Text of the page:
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DAVIDSON: Free Tuition, or Exoneration of Student Debt, Are Bad Ideas

The following article, DAVIDSON: Free Tuition, or Exoneration of Student Debt, Are Bad Ideas, was first published on Flag And Cross.

Yesterday, ‘President-elect’ Joe Biden said, “Public colleges and universities are going to be tuition-free for families earning less than $125,000.” Hmm… Beyond the proclamations, what does free tuition or exoneration of student debt actually mean?

I know a fellow who went to a four-year college and had a deal with his parents: He would pay for half of each semester and his parents would pay the other half, for eight semesters. He racked up $24,000 in debt, a huge sum, years ago. It would have been much higher, but he enrolled in his bargain-priced state university.

You’re on Your Own

He then went on to graduate school, without his parent’s support, and that cost him another $12,000. When he finished graduate school, he was now $36,000 in debt.

He spent years saving every dime that he could. Penny-pinching and scrimping, and forgoing much of the nightlife fun with his friends, by age 28, he was debt free. He continued to save, and in 12 months had enough for a down payment on his first home.

Nice story? Well, that fellow was me. I worked hard to pay off that loan and felt good when I was done.

‘Led’ by Biden, the Democrats, falling for another “feels good” policy which will lead to disaster, are calling for free tuition and even the exoneration of student loan debt for multi-millions of Americans. Suppose I only had graduated last year. Now, I am to benefit enormously as a result of ‘progressive’ desire to exonerate all student loans? Or exonerate some fixed amount of my debt?

Way Back When

Whether I graduated decades ago, or last year, why not reimburse me, with interest, for about $58,000 today? Oh, it doesn’t work that way?

Consider anyone who graduates in 2018, and racks up $92,000 in student loans. For two years, they’ve had trouble paying it back, and have hardly reduced the balance. Someone else graduates in 2020. They rack up all kinds of debt and haven’t made a single payment.

Both loan recipients are to be equally exonerated? “Ridiculous” you say? One loan recipient had made some payments. So, should they be on equal footing? What about forgiving each of them for $10,000, or $20,000, or $50,000 of their debts? This is a bad idea as well. Let’s see why.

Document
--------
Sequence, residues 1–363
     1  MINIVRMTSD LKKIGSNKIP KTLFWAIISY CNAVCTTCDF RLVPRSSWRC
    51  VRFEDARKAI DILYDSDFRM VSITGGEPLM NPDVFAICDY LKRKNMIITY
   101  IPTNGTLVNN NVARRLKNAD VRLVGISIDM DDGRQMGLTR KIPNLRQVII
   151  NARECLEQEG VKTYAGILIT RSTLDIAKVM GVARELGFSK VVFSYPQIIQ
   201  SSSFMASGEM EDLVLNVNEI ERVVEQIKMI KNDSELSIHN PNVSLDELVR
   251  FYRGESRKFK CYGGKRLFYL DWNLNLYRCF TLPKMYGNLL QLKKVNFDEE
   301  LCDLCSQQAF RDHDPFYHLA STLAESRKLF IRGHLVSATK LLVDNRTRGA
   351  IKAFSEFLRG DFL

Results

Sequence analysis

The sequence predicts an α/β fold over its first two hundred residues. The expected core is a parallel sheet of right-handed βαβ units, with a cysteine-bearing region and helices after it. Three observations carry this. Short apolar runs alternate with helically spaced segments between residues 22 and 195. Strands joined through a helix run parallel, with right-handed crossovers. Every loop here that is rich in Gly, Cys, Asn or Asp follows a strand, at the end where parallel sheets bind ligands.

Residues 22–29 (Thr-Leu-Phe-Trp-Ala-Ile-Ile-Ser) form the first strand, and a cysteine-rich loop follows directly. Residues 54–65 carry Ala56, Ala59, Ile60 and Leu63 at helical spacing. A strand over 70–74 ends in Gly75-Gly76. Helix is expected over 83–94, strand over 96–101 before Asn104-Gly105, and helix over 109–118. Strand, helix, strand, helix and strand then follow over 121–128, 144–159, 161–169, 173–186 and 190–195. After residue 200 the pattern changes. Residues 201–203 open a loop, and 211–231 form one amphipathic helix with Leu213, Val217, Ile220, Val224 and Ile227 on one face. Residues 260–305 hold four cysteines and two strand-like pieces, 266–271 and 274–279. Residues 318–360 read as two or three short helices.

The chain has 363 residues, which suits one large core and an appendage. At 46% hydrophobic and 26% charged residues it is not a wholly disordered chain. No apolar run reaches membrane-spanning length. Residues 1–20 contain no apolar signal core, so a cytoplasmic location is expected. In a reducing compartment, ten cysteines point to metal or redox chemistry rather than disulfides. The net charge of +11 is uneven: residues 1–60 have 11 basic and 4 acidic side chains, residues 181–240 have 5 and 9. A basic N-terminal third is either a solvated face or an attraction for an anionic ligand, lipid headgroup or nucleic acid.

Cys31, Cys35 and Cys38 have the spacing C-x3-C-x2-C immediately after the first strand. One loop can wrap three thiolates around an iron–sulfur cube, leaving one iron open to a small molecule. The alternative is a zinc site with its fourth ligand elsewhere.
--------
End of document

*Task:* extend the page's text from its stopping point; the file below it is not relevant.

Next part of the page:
A Glad, or Sad Grad?

Suppose someone graduated in 2012, incurring huge debt, but either they and/or their parents paid it off before 2020. Should that family be reimbursed? After all, a recent graduate paid in full, instead of having a huge balance linger.

If such students and their parents are exonerated, what are we telling current students who incur huge debts? Rack it up? You’re never going to have to repay it! How equitable is it to avoid retroactively reimbursing recent graduates who’ve paid off their debt? How fair is it to reimburse recent graduates who have repaid little or nothing, while others sacrificed and worked their tails off?

A huge mess results when you espouse free tuition or student loan debt forgiveness on any level.

Where do you decide to draw a line? What about current students at public universities with accumulating large debts? Those who graduated or expect to graduate after a particular date, or who incurred debt after a certain date, will be forgiven, but before that date, sorry, you’re not part of the program. Should students who have received scholarship money be exempt, or partially exempt, or fully included? Should debt be exonerated for students who dropped out and never graduated?

No Line in the Sand Will Work

Suppose you move the forgiveness cut-off date further back in time. At some point, you’re still going to forsake legions of college graduates who incurred loan debt, and either paid it off, or are still paying. They are not going to receive the same benefits as you extend to more recent graduates, with more recent debt.

Aggregate student debt now exceeds $1.6 trillion. One simply cannot justify free tuition or student loan debt forgiveness, even for partial sums, and have it be fair across the board.

What’s more, we are a nation that is $27.4 trillion in debt and climbing, with $155.9 trillion dollars in unfunded liabilities. We also seek to compensate business owners and career professionals nationwide who have had severely limited income since March with the lockdowns and shutdowns.

In short: sorry Joe Biden and the usual gang of leftists. The U.S. is not in a position to offer free tuition or student loan debt forgiveness, nor should it ever make such as gesture.

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